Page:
Notes on where the hell I am so far

My intent, with this Kierkegaard thread, is to bring forward certain changes in the way boredom is experienced – or articulated, or signified – in the 18th and 19th century. Boredom, which, as we saw in Kant, provides a strange motive when needs are satisfied – boredom, a nameless suffering that would even afflict Adam and Eve in paradise, in as much as Adam and Eve are constituted as human beings save for the knowledge of good and evil. Surely in the artificial paradise, built on the surplus value squeezed out of the industrial system under the reign of capitalism, premised on viewing the world under the sign of substitution, whether of commodities or humans, all in the service of the abolition of the human limit, must, if Kant is right, produce boredom in ever greater amounts. And thus let loose a motive that plays a lesser role in the society of the limited good.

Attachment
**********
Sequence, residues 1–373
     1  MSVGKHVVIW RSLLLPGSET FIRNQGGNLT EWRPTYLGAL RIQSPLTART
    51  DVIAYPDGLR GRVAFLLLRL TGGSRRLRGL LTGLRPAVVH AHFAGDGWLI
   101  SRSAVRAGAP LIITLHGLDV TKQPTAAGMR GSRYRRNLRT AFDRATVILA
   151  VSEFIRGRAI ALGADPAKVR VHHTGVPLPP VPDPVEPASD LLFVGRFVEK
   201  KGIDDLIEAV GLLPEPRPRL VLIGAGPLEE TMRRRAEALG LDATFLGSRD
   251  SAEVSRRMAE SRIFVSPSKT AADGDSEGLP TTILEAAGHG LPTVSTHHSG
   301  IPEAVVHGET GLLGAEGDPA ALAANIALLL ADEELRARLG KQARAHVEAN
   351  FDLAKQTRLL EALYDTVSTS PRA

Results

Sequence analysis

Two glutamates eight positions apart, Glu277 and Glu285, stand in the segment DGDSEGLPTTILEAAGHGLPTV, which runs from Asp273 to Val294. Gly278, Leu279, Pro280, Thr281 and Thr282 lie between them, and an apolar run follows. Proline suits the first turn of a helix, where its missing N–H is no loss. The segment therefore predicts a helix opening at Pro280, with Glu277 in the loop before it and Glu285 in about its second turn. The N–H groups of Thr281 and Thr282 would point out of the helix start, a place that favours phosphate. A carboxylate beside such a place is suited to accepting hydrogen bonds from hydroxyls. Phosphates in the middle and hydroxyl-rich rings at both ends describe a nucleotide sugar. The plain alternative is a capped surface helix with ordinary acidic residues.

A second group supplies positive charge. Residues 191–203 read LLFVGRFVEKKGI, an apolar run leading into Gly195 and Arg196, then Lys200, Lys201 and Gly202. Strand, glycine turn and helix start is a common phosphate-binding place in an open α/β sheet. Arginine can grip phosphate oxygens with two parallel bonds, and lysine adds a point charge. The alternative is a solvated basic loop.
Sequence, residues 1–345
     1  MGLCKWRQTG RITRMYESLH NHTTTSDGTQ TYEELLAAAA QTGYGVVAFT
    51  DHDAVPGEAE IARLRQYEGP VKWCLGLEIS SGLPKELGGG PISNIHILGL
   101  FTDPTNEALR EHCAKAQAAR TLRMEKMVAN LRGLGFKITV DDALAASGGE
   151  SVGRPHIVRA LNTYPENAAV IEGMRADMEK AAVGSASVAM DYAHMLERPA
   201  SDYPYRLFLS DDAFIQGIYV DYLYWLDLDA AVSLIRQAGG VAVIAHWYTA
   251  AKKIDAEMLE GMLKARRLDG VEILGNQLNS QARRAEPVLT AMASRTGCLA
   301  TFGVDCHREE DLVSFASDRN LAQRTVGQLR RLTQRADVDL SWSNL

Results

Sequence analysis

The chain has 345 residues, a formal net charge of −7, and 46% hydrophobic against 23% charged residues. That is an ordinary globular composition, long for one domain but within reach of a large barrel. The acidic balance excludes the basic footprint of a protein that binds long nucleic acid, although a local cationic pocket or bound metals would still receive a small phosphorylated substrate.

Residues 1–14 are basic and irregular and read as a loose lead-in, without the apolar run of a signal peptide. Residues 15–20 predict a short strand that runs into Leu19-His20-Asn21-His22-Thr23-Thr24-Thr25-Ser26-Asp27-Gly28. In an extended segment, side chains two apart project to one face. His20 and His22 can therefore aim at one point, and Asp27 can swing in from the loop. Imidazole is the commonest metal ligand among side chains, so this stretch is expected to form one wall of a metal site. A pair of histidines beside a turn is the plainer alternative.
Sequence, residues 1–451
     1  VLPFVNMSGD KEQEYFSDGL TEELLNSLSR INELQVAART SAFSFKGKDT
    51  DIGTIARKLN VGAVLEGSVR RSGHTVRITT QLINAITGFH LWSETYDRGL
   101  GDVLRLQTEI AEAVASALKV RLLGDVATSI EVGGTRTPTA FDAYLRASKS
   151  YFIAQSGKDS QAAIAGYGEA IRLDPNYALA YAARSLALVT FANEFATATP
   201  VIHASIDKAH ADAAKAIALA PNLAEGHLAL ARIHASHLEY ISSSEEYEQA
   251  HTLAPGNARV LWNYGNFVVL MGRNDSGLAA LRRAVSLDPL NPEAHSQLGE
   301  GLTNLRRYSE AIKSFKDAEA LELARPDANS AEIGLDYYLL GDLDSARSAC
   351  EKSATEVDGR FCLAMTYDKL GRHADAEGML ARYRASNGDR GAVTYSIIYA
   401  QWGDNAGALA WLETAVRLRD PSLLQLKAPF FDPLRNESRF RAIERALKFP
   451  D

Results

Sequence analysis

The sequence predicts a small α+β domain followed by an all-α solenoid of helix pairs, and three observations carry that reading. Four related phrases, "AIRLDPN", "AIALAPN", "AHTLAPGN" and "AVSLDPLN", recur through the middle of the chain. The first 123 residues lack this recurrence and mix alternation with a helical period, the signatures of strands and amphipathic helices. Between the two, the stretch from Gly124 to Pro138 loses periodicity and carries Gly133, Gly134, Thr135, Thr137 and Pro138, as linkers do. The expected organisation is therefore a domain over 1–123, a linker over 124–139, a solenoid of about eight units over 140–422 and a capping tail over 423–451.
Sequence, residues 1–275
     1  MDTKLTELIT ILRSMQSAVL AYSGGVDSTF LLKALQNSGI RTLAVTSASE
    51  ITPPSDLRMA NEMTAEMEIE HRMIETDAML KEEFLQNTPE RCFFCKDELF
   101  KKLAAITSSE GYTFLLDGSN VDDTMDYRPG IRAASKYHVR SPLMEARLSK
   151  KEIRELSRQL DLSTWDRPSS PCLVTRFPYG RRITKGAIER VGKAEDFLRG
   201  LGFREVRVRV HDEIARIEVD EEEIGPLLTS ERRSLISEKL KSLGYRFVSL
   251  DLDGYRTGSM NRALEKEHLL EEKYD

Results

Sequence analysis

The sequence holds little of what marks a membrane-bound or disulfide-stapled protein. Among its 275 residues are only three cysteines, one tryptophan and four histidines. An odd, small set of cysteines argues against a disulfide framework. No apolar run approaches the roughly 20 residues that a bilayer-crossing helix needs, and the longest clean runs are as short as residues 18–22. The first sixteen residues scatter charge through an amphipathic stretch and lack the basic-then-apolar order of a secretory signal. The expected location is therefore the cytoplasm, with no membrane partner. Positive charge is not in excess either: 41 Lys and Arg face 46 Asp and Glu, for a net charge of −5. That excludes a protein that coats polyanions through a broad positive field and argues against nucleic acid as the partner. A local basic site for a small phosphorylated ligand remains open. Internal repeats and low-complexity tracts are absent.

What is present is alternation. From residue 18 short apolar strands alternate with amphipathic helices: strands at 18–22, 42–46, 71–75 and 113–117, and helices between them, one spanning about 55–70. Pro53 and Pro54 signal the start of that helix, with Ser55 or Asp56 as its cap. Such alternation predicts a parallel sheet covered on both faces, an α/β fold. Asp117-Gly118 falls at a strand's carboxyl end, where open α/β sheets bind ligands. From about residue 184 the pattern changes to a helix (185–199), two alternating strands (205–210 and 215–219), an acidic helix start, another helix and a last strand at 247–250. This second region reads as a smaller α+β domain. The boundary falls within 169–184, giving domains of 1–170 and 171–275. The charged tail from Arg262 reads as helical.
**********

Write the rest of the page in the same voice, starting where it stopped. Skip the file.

In Kierkegaard’s Repetition, repetition is not linked explicitly to boredom – but to a certain impossibility to repeat. But taking repetition otherwise, taking it in relation to the routines that link one substitution to another in a great invisible code, we have another sense of repetition and its effects altogether.

In this world of motivations that are other than that of need’s perpetual pursuit of satisfaction, of routines that become tedious to the human product caught in their meshes, experiment, which both affirms repetition as the principle of validity and – in the aesthetic stage, to use Kierkegaard’s terms – offers an image of the never-before, takes on a poetic life which escapes the philosophers of science and the critics who use the word trivially. Experiment has somehow escaped, in its nubs, the historian – although surely here is matter for the Gnostic historian, vowed to Marx and the witch, to batten on.